Sharing Hope, One Book at a Time

Think of the Little Free Libraries you pass regularly. Are they fully stocked and ready to be discovered? Or are they empty, just waiting for a favorite book and inspiring characters to come alive?

Last year, the latter was true for a Little Free Library book-sharing box located near the Milwaukee County Jail and St. Benedict the Moor Church, home to a long-running community meal program. Barbara Cerda ’17 spotted the empty library and was concerned, because she knew a lot of families would pass by and would enjoy the reading material in a fully stocked library. Here was a new opportunity to share her love of reading with others.

“After that, every time I would clean out my books, I would take them to the Little Free Library downtown,” she says. “I recommended to friends on Facebook to take their books there, too.”

Then, the COVID-19 pandemic hit. Schools and libraries closed around Wisconsin, leaving families quarantined at home with reduced or no access to free reading material. Cerda knew Little Free Libraries could bridge the gap. She turned to her own Milwaukee neighborhood, cleaning out her bookshelves to keep nearby libraries stocked, and continued inviting friends and neighbors to help.

As more people started donating books, Cerda would make what she began calling her “book fairy runs” to pick up books and distribute at the libraries. Things quickly took off, and Barby the Book Fairy was born.

“People started giving me all their books, even when I wouldn’t ask,” she says. “People are bringing them to my house now. I set up a calendar system where people can drop them off in a box in the yard if I’m not home.”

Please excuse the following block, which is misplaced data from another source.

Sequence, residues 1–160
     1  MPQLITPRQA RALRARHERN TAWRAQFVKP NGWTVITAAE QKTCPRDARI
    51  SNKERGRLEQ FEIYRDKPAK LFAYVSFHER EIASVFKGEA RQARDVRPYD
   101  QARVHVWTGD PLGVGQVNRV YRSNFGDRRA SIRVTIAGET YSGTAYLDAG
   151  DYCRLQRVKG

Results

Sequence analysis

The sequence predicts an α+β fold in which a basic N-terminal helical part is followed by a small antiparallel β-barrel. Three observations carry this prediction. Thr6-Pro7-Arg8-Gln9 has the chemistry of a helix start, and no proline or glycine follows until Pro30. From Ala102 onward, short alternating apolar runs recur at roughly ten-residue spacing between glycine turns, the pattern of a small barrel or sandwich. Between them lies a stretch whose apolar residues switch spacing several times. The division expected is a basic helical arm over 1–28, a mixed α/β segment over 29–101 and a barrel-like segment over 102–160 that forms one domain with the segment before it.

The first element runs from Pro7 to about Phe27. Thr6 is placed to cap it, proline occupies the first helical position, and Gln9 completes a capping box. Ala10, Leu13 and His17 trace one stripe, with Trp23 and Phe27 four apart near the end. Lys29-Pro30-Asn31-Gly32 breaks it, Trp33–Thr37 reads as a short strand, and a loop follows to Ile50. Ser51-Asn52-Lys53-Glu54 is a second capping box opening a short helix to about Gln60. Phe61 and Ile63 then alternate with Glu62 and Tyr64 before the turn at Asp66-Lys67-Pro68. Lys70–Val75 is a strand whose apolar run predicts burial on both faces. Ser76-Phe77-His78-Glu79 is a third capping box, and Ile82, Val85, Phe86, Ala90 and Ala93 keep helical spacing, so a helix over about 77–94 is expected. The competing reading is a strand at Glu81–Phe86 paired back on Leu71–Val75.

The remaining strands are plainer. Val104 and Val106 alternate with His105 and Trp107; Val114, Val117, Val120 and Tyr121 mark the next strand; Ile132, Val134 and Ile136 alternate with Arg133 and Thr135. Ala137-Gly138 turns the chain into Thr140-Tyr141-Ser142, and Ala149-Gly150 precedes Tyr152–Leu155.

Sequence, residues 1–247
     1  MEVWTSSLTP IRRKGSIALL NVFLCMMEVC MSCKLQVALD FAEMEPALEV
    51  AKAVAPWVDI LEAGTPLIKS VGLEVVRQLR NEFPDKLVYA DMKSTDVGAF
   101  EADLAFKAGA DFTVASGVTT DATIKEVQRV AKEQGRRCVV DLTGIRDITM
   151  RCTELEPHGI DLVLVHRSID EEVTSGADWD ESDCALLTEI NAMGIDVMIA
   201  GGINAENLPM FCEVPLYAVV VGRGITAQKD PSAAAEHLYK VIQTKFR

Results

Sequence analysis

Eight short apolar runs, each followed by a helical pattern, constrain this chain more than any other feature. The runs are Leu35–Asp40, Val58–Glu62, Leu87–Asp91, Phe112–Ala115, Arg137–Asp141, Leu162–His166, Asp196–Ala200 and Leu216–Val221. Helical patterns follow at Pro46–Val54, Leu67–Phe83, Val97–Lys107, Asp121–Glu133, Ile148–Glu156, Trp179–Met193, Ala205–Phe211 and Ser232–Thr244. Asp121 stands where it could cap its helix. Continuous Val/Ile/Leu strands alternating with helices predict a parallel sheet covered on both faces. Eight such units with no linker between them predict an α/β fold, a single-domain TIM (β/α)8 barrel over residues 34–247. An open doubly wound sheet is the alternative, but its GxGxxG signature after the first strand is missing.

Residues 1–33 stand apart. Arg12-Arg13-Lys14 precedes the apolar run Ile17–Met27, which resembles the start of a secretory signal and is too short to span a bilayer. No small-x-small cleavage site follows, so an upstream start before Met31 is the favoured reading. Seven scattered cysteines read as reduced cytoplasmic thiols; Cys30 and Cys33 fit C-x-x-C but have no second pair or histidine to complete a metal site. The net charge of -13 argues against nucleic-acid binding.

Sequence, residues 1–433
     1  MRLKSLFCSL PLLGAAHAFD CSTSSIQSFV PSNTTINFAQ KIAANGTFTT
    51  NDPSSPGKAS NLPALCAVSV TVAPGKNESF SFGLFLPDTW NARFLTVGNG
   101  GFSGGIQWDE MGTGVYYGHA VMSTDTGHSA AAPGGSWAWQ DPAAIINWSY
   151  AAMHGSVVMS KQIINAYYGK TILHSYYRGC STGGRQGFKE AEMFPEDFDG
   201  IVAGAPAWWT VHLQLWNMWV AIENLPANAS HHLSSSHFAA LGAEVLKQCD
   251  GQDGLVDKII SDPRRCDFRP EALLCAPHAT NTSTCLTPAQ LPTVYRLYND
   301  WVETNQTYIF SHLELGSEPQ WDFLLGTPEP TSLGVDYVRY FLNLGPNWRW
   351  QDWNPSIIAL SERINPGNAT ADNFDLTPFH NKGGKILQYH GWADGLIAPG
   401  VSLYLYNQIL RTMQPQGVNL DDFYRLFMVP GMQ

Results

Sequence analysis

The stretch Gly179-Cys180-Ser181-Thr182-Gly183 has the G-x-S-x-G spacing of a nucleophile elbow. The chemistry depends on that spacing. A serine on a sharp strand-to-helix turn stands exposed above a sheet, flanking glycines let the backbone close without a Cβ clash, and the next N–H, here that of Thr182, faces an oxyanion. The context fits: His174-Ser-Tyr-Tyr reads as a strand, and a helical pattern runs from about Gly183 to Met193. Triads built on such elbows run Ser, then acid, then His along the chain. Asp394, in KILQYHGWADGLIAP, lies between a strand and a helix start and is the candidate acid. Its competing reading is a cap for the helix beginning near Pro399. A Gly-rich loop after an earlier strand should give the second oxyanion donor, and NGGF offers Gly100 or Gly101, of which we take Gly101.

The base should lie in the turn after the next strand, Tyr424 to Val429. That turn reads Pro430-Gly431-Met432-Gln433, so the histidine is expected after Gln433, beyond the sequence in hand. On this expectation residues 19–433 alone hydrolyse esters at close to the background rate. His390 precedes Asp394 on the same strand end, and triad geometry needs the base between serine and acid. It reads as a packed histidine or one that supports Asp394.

Cerda’s three daughters have joined in, enjoying daily neighborhood walks while practicing their effective citizenship in the process.

“We fill up the wagon that we have and we walk to the little libraries near us. It’s become a routine,” she says. “It feels good to teach them that service is important and it can be fun.”

Recognizing that the increased need and demand for local access to reading material, Cerda applied for a grant from the City of Milwaukee to fund projects aiming to respond to the pandemic. Her request was denied, but her quest didn’t end there.

“When I was denied, I wrote to them. I was looking for feedback. What can I do better? I feel like that was really Alverno of me,” she laughs.

Her persistence and drive to improve clearly paid off. A few days later, Cerda was pleased to discover that her request had been reconsidered and approved.

Within just a few months, her impact magnified. So far, she has collected or purchased more than 1,500 books to keep her neighborhood libraries stocked. Coverage by two local radio stations brought more attention and donations, and she’s still going strong.

“I did not think that this is where the project would lead,” she says. “I’m so amazed by all of the support and how this project has picked up. People are interested, and people care.”

So next time you’re outside and see a Little Free Library, take a peek. You may discover your next adventure, or you may discover something even better — an opportunity to share an adventure with someone else.

“I want to inspire people to make changes in their own communities. There’s always something that we can do for someone else. That is the biggest message,” she says. “Nothing is too small. As long as you do it with kindness and with an open heart and open mind, no effort is too small.”

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